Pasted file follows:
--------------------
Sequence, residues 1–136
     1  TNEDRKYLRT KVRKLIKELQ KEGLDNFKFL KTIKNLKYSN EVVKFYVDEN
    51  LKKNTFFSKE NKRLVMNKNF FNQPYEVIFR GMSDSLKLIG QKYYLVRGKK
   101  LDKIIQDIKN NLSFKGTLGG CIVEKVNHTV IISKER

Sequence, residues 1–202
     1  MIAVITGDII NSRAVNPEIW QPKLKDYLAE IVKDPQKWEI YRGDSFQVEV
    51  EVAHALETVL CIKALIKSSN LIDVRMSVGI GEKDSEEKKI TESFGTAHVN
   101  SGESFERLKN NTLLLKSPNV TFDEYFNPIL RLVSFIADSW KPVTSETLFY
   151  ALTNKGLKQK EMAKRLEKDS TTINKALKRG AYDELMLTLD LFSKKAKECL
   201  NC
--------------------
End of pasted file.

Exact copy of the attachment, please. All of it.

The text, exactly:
Sequence, residues 1–136
     1  TNEDRKYLRT KVRKLIKELQ KEGLDNFKFL KTIKNLKYSN EVVKFYVDEN
    51  LKKNTFFSKE NKRLVMNKNF FNQPYEVIFR GMSDSLKLIG QKYYLVRGKK
   101  LDKIIQDIKN NLSFKGTLGG CIVEKVNHTV IISKER

Sequence, residues 1–202
     1  MIAVITGDII NSRAVNPEIW QPKLKDYLAE IVKDPQKWEI YRGDSFQVEV
    51  EVAHALETVL CIKALIKSSN LIDVRMSVGI GEKDSEEKKI TESFGTAHVN
   101  SGESFERLKN NTLLLKSPNV TFDEYFNPIL RLVSFIADSW KPVTSETLFY
   151  ALTNKGLKQK EMAKRLEKDS TTINKALKRG AYDELMLTLD LFSKKAKECL
   201  NC